Conservative Publisher Breitbart Dead At 43

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Conservative publisher Andrew Breitbart died Thursday in Los Angeles. For more on the Breitbart's life, Steve Inskeep talks with Dave Weigel of Slate.com.

RENEE MONTAGNE, HOST:

This is MORNING EDITION from NPR News. I'm Renee Montagne.

STEVE INSKEEP, HOST:

And I'm Steve Inskeep. Let's follow up now on the death of the conservative media publisher Andrew Breitbart. He has died at the age of 43. The statement on his website, bigjournalism.com, says he died of natural causes.

We're going to talk about this with Dave Weigel, a journalist for Slate who knew Mr. Breitbart. Mr. Breitbart - or Mr. Weigel, I'm sorry for your loss.

DAVE WEIGEL: Yeah. I'm having trouble talking to the people in Breitbart's network today. We're all - I count myself among them; I mean, people who literally, worked with him. They're, you know, confident that this - the media operation he built is going to move on. But they just – no one, no one knows what to do when somebody who is 43 dies of natural causes.

INSKEEP: Well, some people will know his name very well. He was very prominent. He was in the news; he was sometimes behind the news. But some people will never have heard his name before. Who was Andrew Breitbart?

WEIGEL: Well, Andrew Breitbart was a media entrepreneur, in a real sense. I mean, he invented things – he invented elements of media that did not exist before, of – I mean, of the press; of the ways – the tools we use for it. He kind of was a – he would probably disagree with this characterization, but kind of a protege of a Matt Drudge. He edited - he worked on the homepage of the Drudge Report for a while.

And I think through that kind of mind, melded with how – he already kind of had a sense of how the Internet works, but he's one of these people who really came into his own as people began getting their information in new ways; in things being curated, things being hyped. It was, you know, once kind of tabloid journalism was hyped up by the Internet. Then he founded the big sites in 2009...

INSKEEP: Mm-hmm.

WEIGEL: ...video site first - I'm skipping how he co-founded the Huffington Post. But he found the big sites - is when he moved into real original stuff - I mean, he had a team of people who, you know, starting with somebody who made independent video for him - not a staffer, James O'Keefe, really starting with the big government – the launch of that ACORN video.

I mean, he kind of moved into this role as a – not just a publisher of conservative investigative journalism and muckraking, but as an icon in the conservative movement.

I think - today you're seeing, you know, Mitt Romney commenting on his death; you're seeing Darrell Issa, who runs the government – the oversight committee in Congress and, you know, followed up on some of the things Breitbart reported on.

INSKEEP: You've just alluded to the fact that he worked for the Drudge Report in the 1990s, which was a pioneering site, in its time, for breaking stories on the Web, and emphasizing stories on the Web; that he was involved in founding the Huffington Post; that he ended up founding his own websites, and spreading video, and backing people doing various projects.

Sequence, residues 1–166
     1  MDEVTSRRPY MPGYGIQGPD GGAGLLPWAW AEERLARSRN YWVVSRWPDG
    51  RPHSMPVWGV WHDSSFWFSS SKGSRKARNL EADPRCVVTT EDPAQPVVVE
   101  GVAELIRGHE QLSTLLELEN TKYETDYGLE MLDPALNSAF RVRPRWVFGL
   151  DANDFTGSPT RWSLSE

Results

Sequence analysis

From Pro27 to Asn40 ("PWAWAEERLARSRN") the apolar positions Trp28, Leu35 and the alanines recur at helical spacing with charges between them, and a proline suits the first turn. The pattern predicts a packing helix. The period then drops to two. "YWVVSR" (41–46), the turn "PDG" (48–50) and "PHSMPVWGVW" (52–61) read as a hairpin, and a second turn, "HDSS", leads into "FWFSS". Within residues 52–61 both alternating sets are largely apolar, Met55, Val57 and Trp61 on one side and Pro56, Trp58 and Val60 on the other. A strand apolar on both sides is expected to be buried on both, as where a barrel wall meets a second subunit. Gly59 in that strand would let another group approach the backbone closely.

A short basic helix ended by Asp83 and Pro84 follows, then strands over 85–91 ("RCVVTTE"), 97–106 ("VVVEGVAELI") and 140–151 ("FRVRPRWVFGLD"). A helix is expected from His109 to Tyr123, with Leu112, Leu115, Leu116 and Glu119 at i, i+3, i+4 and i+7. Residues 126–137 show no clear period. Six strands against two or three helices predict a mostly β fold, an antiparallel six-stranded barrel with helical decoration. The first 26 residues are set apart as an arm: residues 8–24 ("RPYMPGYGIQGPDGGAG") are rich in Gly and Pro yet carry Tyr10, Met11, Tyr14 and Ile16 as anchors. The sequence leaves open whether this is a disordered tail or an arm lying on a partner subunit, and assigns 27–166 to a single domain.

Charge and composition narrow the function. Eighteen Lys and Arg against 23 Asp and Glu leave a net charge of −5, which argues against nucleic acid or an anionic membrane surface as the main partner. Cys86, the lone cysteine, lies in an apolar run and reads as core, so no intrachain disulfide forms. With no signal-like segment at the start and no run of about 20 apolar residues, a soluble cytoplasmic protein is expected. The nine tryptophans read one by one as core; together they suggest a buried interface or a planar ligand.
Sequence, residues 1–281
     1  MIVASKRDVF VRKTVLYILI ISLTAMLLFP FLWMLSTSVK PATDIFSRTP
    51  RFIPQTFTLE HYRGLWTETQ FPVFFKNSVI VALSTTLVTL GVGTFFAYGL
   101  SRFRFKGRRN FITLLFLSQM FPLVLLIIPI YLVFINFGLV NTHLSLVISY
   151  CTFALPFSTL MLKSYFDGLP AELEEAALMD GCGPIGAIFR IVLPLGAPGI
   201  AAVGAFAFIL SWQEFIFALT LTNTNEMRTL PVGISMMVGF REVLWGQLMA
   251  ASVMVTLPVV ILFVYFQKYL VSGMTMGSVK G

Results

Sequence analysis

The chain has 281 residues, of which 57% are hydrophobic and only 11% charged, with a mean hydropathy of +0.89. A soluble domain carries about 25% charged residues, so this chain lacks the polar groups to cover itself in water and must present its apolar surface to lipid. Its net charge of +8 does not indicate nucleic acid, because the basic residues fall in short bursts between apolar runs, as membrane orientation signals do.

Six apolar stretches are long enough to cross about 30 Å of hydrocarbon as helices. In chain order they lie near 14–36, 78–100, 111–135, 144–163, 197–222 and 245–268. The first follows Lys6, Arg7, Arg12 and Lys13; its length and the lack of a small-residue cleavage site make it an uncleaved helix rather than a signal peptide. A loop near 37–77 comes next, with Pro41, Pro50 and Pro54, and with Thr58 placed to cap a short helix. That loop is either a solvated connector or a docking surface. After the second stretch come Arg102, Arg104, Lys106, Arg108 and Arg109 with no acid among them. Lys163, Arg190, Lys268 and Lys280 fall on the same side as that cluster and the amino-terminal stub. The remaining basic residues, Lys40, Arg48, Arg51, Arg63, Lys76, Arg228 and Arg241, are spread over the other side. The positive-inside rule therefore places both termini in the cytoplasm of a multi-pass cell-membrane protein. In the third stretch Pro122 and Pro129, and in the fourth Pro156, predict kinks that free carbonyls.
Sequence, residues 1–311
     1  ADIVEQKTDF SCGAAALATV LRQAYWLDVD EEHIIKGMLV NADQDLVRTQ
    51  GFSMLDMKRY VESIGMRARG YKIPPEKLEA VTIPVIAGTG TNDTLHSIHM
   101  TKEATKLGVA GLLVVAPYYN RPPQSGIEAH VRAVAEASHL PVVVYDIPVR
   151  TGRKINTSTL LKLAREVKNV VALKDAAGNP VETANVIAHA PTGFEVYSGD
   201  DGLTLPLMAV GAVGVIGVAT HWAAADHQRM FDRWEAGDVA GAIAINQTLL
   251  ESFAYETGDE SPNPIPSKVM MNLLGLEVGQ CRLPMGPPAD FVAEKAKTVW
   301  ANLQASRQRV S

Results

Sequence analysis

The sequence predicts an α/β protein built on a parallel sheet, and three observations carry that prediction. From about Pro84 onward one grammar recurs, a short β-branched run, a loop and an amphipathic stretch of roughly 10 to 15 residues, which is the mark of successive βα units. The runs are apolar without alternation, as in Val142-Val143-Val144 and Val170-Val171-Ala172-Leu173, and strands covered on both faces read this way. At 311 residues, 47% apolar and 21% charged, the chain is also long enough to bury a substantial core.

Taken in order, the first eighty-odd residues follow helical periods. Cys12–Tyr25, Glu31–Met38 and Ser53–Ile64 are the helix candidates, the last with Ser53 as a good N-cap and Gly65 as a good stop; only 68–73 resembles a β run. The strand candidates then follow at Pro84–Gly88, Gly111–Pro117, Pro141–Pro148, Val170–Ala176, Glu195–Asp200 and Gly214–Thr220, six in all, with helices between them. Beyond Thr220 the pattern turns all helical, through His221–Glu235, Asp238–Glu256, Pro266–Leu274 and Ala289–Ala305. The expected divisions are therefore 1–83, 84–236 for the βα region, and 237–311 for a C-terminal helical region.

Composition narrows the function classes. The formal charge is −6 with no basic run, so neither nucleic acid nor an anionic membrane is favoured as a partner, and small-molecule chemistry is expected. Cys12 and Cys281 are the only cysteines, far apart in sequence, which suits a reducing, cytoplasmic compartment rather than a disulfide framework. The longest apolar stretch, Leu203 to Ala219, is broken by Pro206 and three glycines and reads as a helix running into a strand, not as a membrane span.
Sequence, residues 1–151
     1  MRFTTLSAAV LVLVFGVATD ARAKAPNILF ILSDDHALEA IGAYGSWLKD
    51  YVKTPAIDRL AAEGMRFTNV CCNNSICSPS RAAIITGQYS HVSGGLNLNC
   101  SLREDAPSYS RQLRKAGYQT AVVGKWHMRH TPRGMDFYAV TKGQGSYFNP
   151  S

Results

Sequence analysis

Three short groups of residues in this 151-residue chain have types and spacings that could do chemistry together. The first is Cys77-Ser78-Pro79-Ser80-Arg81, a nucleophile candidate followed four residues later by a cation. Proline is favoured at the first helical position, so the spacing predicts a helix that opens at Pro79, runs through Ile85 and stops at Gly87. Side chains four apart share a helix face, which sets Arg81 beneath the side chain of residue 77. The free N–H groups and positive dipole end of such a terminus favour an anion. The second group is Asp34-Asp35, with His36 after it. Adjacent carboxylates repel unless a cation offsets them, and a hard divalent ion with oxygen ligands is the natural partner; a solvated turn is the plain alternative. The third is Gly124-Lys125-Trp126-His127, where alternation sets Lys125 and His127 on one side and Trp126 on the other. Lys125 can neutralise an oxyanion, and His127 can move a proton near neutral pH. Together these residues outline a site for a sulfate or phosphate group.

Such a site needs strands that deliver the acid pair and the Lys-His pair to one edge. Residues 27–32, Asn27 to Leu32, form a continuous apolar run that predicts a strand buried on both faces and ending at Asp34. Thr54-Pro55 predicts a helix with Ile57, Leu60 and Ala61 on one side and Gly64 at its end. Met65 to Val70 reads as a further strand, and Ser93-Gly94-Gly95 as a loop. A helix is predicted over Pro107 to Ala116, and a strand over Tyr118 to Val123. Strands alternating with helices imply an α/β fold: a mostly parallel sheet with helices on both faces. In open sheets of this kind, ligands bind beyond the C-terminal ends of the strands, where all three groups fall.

His website - although I think it's notable - his website, in announcing his death, quotes him as saying, once: I enjoy making enemies.

This was a guy who was happy to be in a fight.

WEIGEL: He was. I mean, he was happy to be in a fight, and he was also happy to talk about it. I mean, I think I'm trying to wrestle with today is - I'm going back through my memory banks, just thinking of the many times he would just call me or call a journalist, and talk for 20 minutes about the fight he was currently engaged in, or about the importance of something, or how we were missing something.

He was, you know, fearless is a word – I think a word that he would have laughed if it was applied to him. But you know, there are – he really kind of – because he operated outside the strictures of the conservative movement and built his own little island outside of it, he just did not care about who he offended. I mean, his last big project was the, you know, cracking down on members of Congress who knew – were getting information about, you know, economic transactions, and then buying or selling stock based on that. And these were Republicans. And he was very gleeful about, you know, trying to embarrass Spencer Bachus, the banking committee chairman in the House, who is a Republican.

I mean, he was trying to go after Republicans, too. He also - I mean, he - there was a playfulness about him. I remember for a while, Eric Boehlert, the – he was one of the staffers at Media Matters, which was always engaged in war with Breitbart...

INSKEEP: Mm-hmm. They're more to the left, of course.

WEIGEL: Yeah, they're to the left...

INSKEEP: Just got about 10 seconds here.

WEIGEL: Boehlert's avatar was, you know, him smiling with a beard, in front of a tree; and Breitbart changed his own avatar to him with a beard, in front of a tree - just to mock him. He loved to re-tweet people who attacked him. I mean, he was a true original who just was proud and brave about what he did.

INSKEEP: OK. Dave Weigel, thanks very much.

WEIGEL: Thank you.

INSKEEP: He's telling us about the death of Andrew Breitbart, at 43.

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